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Board asking more from racetracks for license
Friday, May 27, 2005 - from the California Horse Racing Board

California racing commissioners intend to place more demands on racing associations in the areas of racetrack security, marketing and advertising, and providing financial information, and they took steps in that direction Thursday by approving rule amendments for public notice to incorporate those requirements in the application for license to run a race meeting.

Improving security in the stable area has been a high priority for the California Horse Racing Board for the last year, and imposing requirements for racing associations to assist in that effort as a condition of license is the latest move in a continuing process. All racing associations already are voluntarily conducting TCO2 testing, which has all but eliminated the practice known as "milkshaking," and by including TCO2 testing and related security requirements in the license application, the Board ensures the program will continue.

Electronic surveillance is another security matter addressed in the revised license application. Racing associations will need to provide the location and number of video surveillance cameras for the detention barn and stable area.

This year the CHRB also has sharpened its focus on marketing and advertising. Commissioner Richard Shapiro formed an ad hoc committee of racing executives, marketing chiefs, fans, and others to analyze the way the horseracing industry promotes itself.

Described as the "Bring Back the Fans Committee" because the primary purpose is to increase attendance at the live racetrack, the committee has reviewed marketing plans for all of the race meets in the state. However, only two of the racing associations provided financial information to the committee detailing how much is spent on marketing and advertising. Though perfectly willing to discuss many details of their marketing programs, most of the associations balked at providing financial details, indicating their belief that such budget information is proprietary in nature and not subject to public disclosure.

At the CHRB meeting Thursday, Hollywood Park President Rick Baedeker, speaking on behalf of the federation of California racing associations, elaborated on the reasons racing associations believe marketing-dollar information should not be included in the licensing process. Essentially, he said it opened the door for racing commissioners to micromanage an aspect of a racetrack’s business operation. He said that instead of officially incorporating such budget details in the licensing process, Hollywood Park, for one, would be willing to provide such details "one on one" to any racing commissioner.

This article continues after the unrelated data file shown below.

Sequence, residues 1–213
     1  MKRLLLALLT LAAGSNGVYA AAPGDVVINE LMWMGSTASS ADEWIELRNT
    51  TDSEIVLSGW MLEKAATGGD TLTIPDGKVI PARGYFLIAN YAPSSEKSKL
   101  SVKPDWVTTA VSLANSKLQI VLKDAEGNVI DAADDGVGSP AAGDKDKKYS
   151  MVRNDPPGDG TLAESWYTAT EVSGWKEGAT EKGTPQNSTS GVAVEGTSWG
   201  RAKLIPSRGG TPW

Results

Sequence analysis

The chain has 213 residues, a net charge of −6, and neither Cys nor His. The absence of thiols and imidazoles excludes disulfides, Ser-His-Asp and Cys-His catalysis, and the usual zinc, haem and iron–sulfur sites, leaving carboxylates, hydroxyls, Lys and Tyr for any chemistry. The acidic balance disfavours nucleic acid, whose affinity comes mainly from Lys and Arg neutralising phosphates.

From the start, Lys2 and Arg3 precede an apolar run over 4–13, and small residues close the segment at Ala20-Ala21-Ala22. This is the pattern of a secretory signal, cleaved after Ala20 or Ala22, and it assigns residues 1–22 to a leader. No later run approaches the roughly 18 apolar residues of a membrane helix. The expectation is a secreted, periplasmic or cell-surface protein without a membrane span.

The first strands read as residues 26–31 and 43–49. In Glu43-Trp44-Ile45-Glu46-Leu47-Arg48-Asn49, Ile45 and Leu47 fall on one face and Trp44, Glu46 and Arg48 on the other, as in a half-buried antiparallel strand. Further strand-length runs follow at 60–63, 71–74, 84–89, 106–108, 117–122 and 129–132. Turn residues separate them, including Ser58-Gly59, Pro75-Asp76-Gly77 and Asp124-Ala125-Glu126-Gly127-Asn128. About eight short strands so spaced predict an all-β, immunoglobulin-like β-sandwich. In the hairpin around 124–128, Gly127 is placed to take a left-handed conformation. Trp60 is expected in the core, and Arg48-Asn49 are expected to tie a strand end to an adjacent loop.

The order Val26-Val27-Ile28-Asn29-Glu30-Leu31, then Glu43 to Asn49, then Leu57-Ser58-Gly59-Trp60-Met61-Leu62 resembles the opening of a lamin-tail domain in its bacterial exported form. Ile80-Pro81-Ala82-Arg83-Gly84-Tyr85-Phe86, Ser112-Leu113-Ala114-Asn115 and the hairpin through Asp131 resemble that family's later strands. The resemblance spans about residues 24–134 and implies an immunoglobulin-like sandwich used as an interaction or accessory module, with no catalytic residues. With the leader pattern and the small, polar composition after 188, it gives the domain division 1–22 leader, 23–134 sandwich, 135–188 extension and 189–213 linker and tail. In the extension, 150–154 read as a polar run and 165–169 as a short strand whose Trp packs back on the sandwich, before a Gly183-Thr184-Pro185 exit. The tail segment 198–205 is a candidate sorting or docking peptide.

But the four racing commissioners attending the meeting Thursday -– Chairman John Harris, Vice Chairman William Bianco, Commissioner John Sperry, and Shapiro -– were not persuaded by Baedeker.

"Your marketing efforts affect so many people in the industry, it really should be public information," said Harris. "If racing was doing well right now, it might not be so important, but the way things are, I would like to see more transparency."

Shapiro added, "Racing is going through some tough times right now, and I understand that you need help, but it is difficult for me to be an advocate when I don’t really understand what your bottom line is -– how much you are spending and what your results are. We need to make sure racing associations are putting forth the effort and expenditures to justify us granting them a license -– that they are spending money and helping the game rather than just milking it."

The four racing commissioners decided to leave the marketing budget requirement in the proposed amendment but put off a final decision until the next meeting, when the other three racing commissioners who were unable to attend the meeting Thursday -– Sheryl Granzella, Marie Moretti, and Jerry Moss -– are likely to be present.

A third proposed change to the license application would require applicants to file an audited financial statement of the actual license holder. The commissioners concurred that a financial statement from a parent company would meet the requirement if the parent company completely guaranteed the financial obligations of the subsidiary.